You can try to define "Personal Computer" this way, but historically the name "Personal Computer" just meant a computer that you use alone, instead of being one user of a computer at the university or the company you're working for. Which then was not your PERSONAL computer. That was the major reason for calling a computer you use as the only user (and that sits on or under YOUR desk) a Personal Computer.
ChromeBooks are mostly Terminals, even if you own them the applications run elsewhere. Surely not dumb terminals, but still terminals, just personal terminals that you can own and carry with you instead of going to where there are.
But people easily forget that once computers were something you had to go to to use them as one user among others. You didn't own them and you could not carry them home (or to your office) and use them just for yourself. Both the "Personal Computer" and the "Home Computer" changed that in this way ChromeBooks are a kind of Personal Computer.
Of course then the IBM Personal Computer (PC) became the standard Personal Computer and then what once was a description became nothing but a name ("PC") for a certain kind of computer (a computer with an Intel CPU running Windows or Linux that is and has to be fully cared for by the sole user). Since then people think a "PC" is exactly that. And they're somewhat right, because meanings of words change over time.
An iPad is a "Personal Computer" (you can carry it home and use it as the sole user), but it certainly is not a "PC". A ChromeBook also is a Personal Computer but maybe not what people came to think of a PC (some people not even call a laptop a "PC", they call only desktop PCs "PC").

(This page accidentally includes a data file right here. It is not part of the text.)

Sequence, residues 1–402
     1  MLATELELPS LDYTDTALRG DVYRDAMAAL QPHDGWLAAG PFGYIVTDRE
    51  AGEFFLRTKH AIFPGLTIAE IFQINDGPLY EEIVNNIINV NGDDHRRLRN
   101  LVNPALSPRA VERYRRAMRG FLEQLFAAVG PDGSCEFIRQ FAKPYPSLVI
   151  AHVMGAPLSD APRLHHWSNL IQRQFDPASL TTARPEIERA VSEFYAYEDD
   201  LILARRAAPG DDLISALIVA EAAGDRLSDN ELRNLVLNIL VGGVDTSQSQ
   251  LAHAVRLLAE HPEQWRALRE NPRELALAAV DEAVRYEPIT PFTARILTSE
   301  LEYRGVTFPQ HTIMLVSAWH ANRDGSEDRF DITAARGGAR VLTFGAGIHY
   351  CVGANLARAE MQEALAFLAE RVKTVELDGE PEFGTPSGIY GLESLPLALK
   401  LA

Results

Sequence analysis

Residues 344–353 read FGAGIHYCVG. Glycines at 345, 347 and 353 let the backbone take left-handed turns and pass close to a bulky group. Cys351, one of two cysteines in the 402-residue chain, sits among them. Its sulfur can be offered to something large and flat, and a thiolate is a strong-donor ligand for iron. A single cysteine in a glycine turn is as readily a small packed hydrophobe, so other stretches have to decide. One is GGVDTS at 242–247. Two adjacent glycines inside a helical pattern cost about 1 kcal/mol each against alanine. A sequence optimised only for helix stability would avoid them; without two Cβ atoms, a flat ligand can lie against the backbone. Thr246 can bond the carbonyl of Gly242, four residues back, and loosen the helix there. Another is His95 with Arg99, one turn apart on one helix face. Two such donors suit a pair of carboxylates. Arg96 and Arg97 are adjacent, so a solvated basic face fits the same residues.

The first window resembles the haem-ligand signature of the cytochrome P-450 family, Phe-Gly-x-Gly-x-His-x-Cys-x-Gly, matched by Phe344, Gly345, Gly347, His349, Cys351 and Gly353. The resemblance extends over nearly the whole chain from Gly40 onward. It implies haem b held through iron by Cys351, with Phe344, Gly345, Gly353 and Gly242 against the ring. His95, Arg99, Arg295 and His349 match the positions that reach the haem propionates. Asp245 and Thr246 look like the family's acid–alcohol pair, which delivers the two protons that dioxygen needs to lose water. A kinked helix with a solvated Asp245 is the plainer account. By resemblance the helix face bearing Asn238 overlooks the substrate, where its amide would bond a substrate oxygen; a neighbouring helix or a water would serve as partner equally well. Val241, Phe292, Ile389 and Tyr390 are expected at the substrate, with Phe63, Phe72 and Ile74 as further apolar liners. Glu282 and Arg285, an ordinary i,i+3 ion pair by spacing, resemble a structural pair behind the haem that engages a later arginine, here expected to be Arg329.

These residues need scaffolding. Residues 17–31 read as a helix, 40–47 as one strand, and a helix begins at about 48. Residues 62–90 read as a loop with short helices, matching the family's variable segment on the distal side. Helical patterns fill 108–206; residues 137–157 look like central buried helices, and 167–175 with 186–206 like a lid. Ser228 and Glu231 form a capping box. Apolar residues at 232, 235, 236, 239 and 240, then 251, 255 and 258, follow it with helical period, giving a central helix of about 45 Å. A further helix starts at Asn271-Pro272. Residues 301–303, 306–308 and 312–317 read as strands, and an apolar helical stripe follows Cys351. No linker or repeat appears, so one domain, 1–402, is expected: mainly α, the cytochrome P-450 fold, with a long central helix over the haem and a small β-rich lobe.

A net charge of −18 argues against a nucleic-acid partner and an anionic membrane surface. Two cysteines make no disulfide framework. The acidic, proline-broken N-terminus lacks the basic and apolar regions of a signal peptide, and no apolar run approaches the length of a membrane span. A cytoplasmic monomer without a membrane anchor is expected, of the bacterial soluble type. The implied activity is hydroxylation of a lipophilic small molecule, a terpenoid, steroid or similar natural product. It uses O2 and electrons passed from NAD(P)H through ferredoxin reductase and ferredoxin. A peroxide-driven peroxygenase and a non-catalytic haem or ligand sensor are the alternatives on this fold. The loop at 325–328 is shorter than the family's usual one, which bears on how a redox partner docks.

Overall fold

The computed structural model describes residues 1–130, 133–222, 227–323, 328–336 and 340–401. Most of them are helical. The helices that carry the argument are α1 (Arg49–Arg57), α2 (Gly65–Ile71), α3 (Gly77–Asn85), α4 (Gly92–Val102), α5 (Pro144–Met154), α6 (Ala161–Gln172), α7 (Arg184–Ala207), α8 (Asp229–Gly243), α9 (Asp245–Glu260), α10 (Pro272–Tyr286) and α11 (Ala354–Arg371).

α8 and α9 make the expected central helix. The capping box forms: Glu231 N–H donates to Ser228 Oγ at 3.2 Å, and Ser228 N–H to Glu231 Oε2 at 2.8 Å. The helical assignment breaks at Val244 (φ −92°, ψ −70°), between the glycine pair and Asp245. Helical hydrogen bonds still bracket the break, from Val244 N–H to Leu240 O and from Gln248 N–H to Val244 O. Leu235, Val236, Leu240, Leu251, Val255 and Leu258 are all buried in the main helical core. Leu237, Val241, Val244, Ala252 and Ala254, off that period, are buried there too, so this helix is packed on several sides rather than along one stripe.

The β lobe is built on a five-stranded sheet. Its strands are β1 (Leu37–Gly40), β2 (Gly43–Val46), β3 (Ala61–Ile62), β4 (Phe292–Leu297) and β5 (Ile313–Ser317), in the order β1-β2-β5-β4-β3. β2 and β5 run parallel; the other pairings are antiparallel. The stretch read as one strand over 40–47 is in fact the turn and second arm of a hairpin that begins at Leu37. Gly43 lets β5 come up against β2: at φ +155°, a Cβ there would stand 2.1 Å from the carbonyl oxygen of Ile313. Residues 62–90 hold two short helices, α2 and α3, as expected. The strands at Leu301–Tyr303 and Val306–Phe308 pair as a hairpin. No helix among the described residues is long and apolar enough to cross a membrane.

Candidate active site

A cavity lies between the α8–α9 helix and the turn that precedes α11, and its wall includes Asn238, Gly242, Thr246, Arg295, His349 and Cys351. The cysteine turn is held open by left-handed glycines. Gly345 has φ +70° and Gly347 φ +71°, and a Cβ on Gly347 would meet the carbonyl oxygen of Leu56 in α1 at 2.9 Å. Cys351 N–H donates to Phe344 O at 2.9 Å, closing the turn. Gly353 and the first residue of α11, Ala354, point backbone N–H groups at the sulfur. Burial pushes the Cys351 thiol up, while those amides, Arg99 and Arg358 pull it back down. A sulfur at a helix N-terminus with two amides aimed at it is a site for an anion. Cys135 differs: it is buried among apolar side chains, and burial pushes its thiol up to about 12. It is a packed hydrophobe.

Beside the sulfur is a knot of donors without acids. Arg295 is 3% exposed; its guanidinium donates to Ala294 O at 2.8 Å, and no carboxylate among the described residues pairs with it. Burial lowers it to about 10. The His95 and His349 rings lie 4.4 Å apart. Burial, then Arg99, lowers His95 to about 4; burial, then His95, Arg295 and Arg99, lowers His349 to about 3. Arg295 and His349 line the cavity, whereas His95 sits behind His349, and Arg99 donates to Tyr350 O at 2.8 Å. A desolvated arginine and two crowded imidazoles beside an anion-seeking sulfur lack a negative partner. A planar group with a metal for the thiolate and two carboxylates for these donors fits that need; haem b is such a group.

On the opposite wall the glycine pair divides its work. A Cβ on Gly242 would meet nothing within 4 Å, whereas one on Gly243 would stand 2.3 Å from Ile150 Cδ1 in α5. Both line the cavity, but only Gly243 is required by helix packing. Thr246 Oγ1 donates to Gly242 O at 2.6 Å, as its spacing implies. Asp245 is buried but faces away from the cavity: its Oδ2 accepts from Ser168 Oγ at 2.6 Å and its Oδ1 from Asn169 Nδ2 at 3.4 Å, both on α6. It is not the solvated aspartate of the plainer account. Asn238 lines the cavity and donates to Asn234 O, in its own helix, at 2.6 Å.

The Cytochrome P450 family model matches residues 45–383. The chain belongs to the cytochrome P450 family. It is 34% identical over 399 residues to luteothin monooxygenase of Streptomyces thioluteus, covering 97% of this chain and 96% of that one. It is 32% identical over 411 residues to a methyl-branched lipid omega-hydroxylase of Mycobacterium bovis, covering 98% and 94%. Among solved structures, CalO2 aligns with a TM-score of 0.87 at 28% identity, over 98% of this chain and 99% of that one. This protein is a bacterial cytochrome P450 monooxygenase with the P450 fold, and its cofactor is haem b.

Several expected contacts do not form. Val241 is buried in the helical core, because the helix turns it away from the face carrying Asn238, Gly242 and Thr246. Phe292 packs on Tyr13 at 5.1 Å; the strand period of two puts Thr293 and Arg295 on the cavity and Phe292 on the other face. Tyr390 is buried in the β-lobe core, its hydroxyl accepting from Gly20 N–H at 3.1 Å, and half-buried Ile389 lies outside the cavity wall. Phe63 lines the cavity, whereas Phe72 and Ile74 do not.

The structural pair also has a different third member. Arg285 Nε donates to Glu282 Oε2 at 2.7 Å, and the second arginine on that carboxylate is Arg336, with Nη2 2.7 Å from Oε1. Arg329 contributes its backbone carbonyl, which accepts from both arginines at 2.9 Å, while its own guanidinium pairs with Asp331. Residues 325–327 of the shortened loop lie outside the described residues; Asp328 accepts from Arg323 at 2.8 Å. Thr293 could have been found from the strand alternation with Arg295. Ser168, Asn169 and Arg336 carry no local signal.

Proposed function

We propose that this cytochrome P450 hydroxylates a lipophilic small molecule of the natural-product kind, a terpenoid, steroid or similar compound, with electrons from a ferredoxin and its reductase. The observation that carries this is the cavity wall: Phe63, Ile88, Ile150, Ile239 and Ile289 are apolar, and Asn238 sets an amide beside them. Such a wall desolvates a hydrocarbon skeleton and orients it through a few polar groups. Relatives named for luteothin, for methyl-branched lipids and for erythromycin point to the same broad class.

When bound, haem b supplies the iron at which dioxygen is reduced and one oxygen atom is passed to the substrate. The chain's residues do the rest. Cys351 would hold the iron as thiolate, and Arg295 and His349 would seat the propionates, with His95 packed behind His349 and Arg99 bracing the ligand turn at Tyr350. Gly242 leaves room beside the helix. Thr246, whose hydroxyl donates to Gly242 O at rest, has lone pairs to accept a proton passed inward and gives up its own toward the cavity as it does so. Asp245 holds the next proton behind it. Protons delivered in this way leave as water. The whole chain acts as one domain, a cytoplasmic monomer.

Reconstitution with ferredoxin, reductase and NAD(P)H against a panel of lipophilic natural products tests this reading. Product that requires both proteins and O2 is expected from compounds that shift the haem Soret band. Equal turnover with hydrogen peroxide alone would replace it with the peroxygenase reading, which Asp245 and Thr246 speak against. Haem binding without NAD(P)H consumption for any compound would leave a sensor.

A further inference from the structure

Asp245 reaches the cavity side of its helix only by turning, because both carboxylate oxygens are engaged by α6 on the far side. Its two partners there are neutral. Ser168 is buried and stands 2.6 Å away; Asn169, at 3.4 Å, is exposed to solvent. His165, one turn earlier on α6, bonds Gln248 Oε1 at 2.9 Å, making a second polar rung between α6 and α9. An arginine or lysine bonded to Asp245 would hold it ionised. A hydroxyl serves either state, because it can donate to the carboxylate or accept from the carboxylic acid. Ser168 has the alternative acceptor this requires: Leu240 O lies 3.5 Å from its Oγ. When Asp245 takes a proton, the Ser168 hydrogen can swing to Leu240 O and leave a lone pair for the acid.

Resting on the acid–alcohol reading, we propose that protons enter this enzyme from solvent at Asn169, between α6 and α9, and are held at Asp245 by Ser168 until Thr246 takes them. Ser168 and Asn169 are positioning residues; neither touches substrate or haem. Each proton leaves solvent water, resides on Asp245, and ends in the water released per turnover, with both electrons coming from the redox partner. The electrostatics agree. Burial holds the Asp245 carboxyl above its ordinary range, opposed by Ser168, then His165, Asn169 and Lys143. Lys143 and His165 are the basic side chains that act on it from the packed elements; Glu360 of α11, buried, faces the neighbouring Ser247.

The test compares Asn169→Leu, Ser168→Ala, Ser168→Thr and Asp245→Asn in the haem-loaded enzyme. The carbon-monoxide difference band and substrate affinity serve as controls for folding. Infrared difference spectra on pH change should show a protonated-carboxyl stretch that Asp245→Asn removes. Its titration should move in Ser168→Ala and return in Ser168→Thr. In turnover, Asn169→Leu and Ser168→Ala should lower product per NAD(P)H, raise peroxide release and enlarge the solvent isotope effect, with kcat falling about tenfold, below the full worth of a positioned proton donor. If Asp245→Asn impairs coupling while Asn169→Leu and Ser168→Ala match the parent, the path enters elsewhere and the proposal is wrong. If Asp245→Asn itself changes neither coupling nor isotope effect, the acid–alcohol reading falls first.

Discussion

It's murky, but quite easy to get to the bottom of. Fighting about "is a ChromeBook a PC?" is pointless though when everyone uses a different definition of what the name or description of a "PC" or a "Personal Computer" is supposed to mean. Most people who fight over words only do that because this is often the first time they even thought about what the word means at all and then they're already invested in having to win an argument they started without even knowing what the word they are fighting about actually means and where it came from.
(And actually a "computer" once was something you used to compute things with. The name "computer" was a descriptive name like "screwdriver". Even earlier "computer" was a job description before robots started to do the job... But just as "PC" it became a name instead over time and is not a description anymore because most people don't use them to compute anything. As a name it immediately loses any sense as soon as you start to wring any meaning from it because it has long stopped to be used in the form of a description for what you do with that thing. So don't fight about names, it's useless. It's like asking someone to mill your wheat just because his name happens to be "Frank Miller". At some point in the past one of his forebears certainly did that, but now it has just become a name attached to him through inheritance and is not a description of what he does anymore. Maybe he's a butcher and then people use the name "Miller" as an argument on